On further reflection, and in post-Bork hindsight, we can see that these pretexts were our political system's last gesture of respect for the apolitical -- or at least, transpolitical -- nature of the Article III judiciary. They were there because a consul shouldn't serve more than one term, an army should be loyal to the state rather than to its general, and U.S. federal judges are not just politicians with life tenure.
The proof of the strength of this tradition, as late as the spring of 1987, was that Robert Bork was the go-to example of the sort of Supreme Court nominee whom it would be easy for President Reagan to get confirmed, no matter the partisan composition of the Senate, because of his amazing and unquestioned record and qualifications, and despite his well-known judicial conservatism and his published critiques of precedents dear to the hearts of liberals (including ones that even Republican nominees burn incense in front of today, like Griswold). Joe Biden, chairman of the Senate Judiciary Committee at the time, said forthrightly some time in '86 or early '87 that he'd "have to vote for" Bork if President Reagan "sent him up." Qualifications still trumped ideology.
Ted Kennedy changed all that, with help from leftwing organizer Ralph Neas. Surveying the activist landscape the day Bork's nomination was announced, Neas concluded: "This is eminently doable." Kennedy made his infamous "Robert Bork's America" speech right before the start of the Fourth of July break, with the intent, and the effect, of preventing centrist Democrats from committing to confirm him, and of "problematizing" (as they say nowadays) a formerly unproblematic nomination. He then spent his Fourth poolside phoning activists, donors, etc.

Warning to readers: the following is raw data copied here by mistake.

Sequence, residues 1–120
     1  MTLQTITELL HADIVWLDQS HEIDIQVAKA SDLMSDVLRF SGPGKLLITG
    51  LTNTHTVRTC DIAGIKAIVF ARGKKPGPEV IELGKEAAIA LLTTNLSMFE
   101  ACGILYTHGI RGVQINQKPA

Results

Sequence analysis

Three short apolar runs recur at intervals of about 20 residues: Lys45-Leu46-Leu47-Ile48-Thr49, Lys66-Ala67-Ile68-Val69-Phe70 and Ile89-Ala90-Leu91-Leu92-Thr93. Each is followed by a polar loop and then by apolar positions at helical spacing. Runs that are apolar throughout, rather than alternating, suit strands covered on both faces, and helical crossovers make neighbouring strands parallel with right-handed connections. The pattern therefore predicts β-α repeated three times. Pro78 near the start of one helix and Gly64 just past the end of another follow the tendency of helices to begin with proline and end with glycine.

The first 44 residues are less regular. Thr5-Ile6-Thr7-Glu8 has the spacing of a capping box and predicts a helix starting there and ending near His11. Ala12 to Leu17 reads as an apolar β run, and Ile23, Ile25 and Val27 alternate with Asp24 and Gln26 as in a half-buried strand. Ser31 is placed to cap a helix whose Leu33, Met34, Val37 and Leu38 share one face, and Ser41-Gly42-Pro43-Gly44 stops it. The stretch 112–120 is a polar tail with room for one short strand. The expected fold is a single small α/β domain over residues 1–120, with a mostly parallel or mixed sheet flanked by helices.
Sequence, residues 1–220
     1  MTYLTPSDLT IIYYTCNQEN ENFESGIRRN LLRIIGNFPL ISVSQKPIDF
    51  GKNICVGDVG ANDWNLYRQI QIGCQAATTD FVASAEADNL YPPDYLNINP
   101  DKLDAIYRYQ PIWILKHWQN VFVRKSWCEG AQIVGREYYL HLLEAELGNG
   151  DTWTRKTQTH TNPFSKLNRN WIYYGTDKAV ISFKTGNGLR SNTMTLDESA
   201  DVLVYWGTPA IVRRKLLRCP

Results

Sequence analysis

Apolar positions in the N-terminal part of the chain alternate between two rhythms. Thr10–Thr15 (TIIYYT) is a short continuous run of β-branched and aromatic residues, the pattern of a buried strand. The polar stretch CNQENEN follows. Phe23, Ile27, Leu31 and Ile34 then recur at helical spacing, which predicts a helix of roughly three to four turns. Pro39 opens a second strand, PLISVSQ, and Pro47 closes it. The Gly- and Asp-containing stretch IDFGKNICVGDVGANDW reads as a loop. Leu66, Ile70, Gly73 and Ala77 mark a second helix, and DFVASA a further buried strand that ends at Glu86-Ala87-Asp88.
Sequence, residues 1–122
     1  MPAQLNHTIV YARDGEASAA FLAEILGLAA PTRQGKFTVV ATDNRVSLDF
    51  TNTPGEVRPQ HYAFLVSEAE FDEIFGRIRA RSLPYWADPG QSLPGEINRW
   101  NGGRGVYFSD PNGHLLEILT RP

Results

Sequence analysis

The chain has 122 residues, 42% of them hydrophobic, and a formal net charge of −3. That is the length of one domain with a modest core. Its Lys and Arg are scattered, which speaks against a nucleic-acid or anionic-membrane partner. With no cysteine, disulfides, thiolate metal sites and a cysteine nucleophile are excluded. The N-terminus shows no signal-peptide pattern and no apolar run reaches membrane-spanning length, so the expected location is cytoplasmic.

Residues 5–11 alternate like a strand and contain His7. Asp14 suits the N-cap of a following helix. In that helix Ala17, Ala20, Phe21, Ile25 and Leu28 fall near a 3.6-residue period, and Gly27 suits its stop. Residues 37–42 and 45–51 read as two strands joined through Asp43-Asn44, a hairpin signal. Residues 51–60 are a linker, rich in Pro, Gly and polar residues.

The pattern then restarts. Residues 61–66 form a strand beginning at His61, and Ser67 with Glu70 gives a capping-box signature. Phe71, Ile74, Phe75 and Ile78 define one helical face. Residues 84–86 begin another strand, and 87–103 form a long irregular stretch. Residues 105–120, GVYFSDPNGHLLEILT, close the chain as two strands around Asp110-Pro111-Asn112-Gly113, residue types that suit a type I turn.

All this without the slightest pretense that Bork was anything other than an outstanding legal scholar and an accomplished federal judge, and without the remotest allegation of wrongdoing. From beginning to successful end, the Kennedy/Neas campaign against Bork was based on his legal views and his judicial votes. A member of a Kennedy-favored constituency lost an appeal in Bork's court? Speech -> press release -> headline: "Bork Seen as Hostile to [insert constituency here]." He criticized (as did Justice Black) the reasoning of Griswold, or (as Justice Frankfurter did) the reasoning of Baker v. Carr, or (as Justice Harlan II did) the reasoning of Reynolds v. Sims? Message -> activist groups -> letters to Senators: Bork wants to take away our contraceptives and our votes!
Of course, it worked. Hanging on to consular power works too, and so does commanding leader-specific armies, if by "works" you mean accomplishing results. But the judicial confirmation process has been turned into a dishonest ballet at best and Grand-Guignol at worst, many distinguished nominees (when one adds in the lower federal courts) have been denied confirmation, and -- for conservatives, anyway -- a stark and early career crossroad within law has been established: go for a federal judgeship, or engage in candid, searching critiques of constitutional law. Thanks to Ted Kennedy, you can no longer do both.
The ideologue-scholars wrote that the law/politics distinction is fictitious: it took Ted Kennedy to enshrine this destruction in our national practice. As I see it, this is his most lasting legacy.
All that said -- RIP.
:: David M. Wagner 10:18 AM [+] ::